Backward-compatibility of ntpq may be an issue

Eric S. Raymond esr at
Fri Dec 23 22:05:07 UTC 2016

Hal Murray <hmurray at>:
> Poor choice of words on my part.  It's really a bug fix.  Cleaning up the 
> code is just fortunate.
> There are two problems in this area.  One is that there isn't any 
> documentation on what peers get skipped or why you would want to skip them or 
> that there are alternative commands that do what you might prefer.  The other 
> is that the group culture says "ntpq -p" and never mentions that some 
> important info might get skipped or that there is an alternative.

*Ouch.* I see both of your points there, I do.

> Under normal circumstances, nothing gets skipped.  I have a hacked version of 
> the old ntpq that prints out a would-get-skipped message and then prints it 
> anyway.  It goes off during startup on pool slots.  I don't know the details 
> - I'd have to look at the code.
> Perhaps I'm oversensitive to this area since I wasted a lot of time when 
> debugging early pool stuff because the slots I was trying to track down 
> didn't get printed out.  I never did figure out a good reason for skipping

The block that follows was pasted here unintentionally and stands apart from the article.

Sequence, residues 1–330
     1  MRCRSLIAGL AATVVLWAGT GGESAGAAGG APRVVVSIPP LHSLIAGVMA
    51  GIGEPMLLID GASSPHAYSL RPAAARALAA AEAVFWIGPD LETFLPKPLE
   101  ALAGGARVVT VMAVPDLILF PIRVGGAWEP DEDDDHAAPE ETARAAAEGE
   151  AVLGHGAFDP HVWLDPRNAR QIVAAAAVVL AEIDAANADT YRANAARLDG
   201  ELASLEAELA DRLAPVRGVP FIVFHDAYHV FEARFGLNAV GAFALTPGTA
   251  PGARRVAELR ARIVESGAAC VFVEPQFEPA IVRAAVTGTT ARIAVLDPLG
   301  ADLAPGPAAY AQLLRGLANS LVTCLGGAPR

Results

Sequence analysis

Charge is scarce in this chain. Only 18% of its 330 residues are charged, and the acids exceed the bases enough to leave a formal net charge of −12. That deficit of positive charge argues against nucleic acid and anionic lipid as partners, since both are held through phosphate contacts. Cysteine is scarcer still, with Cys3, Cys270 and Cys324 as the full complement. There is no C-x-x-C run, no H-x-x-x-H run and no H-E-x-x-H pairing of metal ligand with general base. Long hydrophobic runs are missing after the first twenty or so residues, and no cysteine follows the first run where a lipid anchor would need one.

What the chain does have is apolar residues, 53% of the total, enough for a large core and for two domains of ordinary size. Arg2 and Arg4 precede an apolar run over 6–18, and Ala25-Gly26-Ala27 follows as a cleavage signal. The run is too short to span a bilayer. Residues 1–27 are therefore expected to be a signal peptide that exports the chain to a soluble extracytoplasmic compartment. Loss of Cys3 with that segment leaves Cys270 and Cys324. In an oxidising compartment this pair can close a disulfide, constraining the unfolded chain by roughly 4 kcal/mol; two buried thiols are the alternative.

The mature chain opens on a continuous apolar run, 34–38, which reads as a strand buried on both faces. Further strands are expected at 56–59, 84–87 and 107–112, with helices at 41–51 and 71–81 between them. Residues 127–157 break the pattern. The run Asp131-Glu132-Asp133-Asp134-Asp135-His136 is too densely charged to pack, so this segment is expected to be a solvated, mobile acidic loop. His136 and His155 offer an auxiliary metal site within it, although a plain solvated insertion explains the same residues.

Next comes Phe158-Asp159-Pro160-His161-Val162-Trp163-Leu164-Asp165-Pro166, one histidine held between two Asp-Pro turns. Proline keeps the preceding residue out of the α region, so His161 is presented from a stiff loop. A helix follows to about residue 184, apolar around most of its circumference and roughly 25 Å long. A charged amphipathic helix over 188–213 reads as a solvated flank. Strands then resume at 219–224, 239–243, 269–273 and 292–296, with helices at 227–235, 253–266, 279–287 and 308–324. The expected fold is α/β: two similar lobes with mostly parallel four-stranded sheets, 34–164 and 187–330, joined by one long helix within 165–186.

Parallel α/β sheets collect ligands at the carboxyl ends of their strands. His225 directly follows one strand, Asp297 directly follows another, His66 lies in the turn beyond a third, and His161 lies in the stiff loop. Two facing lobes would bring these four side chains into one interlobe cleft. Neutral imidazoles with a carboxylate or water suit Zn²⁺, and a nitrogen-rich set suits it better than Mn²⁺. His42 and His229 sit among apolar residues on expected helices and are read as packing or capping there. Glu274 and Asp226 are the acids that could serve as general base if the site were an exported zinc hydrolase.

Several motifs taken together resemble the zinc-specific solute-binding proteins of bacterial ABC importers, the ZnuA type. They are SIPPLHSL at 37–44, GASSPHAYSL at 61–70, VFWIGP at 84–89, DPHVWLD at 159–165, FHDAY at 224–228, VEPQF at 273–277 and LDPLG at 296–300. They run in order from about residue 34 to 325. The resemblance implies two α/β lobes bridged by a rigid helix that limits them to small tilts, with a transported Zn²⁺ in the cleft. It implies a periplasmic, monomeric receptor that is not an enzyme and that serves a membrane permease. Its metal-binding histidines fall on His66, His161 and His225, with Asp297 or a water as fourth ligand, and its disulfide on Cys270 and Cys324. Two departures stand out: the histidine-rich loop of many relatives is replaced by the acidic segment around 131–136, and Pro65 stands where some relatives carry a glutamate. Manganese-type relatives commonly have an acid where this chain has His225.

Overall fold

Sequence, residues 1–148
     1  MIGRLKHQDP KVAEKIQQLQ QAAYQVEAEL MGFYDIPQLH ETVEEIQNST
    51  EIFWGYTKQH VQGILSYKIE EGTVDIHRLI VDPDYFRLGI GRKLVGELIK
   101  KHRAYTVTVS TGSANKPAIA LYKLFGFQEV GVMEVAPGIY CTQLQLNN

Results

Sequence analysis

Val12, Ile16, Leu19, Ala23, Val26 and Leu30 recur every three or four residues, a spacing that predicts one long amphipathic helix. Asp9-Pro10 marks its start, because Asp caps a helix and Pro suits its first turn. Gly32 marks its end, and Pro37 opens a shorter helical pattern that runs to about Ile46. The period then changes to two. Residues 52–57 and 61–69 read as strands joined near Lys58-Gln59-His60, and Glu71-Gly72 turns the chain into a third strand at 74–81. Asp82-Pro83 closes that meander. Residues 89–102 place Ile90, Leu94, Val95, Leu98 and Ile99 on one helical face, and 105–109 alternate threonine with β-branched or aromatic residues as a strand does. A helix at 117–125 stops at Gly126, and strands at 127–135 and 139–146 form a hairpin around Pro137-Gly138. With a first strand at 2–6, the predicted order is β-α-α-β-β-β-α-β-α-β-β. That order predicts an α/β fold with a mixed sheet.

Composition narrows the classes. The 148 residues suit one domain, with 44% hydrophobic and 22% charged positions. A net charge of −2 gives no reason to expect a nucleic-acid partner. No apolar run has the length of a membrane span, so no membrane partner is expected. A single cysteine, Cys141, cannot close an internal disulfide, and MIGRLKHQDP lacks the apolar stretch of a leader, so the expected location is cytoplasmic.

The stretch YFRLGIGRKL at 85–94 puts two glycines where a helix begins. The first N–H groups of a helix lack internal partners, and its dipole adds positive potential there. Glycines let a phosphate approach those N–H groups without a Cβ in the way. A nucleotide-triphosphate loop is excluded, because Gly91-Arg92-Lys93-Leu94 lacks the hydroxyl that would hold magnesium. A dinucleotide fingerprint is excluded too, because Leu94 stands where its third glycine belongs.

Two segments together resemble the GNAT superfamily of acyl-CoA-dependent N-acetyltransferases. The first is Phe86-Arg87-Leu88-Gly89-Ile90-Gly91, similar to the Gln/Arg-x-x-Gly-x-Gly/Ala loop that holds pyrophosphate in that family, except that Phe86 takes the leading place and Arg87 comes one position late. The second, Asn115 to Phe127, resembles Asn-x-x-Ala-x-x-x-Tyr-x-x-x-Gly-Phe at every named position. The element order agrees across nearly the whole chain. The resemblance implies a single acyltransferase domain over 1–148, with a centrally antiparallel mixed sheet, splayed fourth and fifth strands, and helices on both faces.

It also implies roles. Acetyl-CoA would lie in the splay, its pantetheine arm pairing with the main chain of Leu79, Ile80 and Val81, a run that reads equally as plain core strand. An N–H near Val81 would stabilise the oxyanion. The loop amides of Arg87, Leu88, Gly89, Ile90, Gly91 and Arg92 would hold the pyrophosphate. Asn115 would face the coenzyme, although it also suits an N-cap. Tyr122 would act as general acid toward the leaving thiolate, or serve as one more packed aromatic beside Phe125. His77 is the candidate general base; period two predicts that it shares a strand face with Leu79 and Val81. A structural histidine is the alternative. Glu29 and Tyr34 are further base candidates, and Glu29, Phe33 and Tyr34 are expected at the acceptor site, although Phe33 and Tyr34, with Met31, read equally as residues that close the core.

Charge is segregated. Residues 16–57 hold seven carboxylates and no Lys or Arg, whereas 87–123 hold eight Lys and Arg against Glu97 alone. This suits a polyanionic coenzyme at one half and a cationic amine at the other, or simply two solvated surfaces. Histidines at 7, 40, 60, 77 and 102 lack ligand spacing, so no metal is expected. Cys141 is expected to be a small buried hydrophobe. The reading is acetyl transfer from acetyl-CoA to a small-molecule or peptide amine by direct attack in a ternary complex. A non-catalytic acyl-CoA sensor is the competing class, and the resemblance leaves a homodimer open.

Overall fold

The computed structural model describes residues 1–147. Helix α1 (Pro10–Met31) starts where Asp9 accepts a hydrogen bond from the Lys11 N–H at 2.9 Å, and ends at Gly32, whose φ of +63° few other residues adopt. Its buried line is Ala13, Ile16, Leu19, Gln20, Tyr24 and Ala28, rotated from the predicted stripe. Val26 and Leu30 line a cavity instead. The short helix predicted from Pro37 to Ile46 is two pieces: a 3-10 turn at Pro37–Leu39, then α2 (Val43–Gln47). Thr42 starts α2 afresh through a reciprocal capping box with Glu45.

> some slots or a good description for which slots get skipped.

No, I don't think you're being oversensitive at all.  You got burned
by careless UI design and poor documentation, and the way it happened
is a good argument for not leaving things as they were.

> Alternatives would be to remember if any slots were skipped and print out a 
> warning message.  Or find a place to add a flag in the printout to indicate 
> that a slot would have been skipped.  Or add a command to revert to the old 
> behavior.  Or...  But those changes might break scripts too.

Indeed they might, at least as probably as your change.

You have persuaded me that ntpq was misdesigned in this respect, and
that leaves us with no conservative alternative that doesn't suck
pretty badly.

That is sort of liberating, actually.  That means we can really clean things
up and leave a sentence or two of explanation in the Compatibility section
that should get us off the hook with the grognards.

See, what really worries me in terms of spending our tolerance budget is
changes that will seem like we were messing with things just to put a
territorial mark on them, or plain not *thinking* about backwards
compatibility.  If we supply good rationales of the form "it was
actually busted before" we draw a lot of the sting, and in this case
you've done a good job of that.

So we keep your change, and we document the reason for it, and we
fix the documentation of the commands that have changed behavior

The only question in my mind is whether or not we should declutter the
UI by removing the lassociations and lpeers commands that are now
redundant.  Do you have an opinion about this?
		<a href="">Eric S. Raymond</a>

More information about the devel mailing list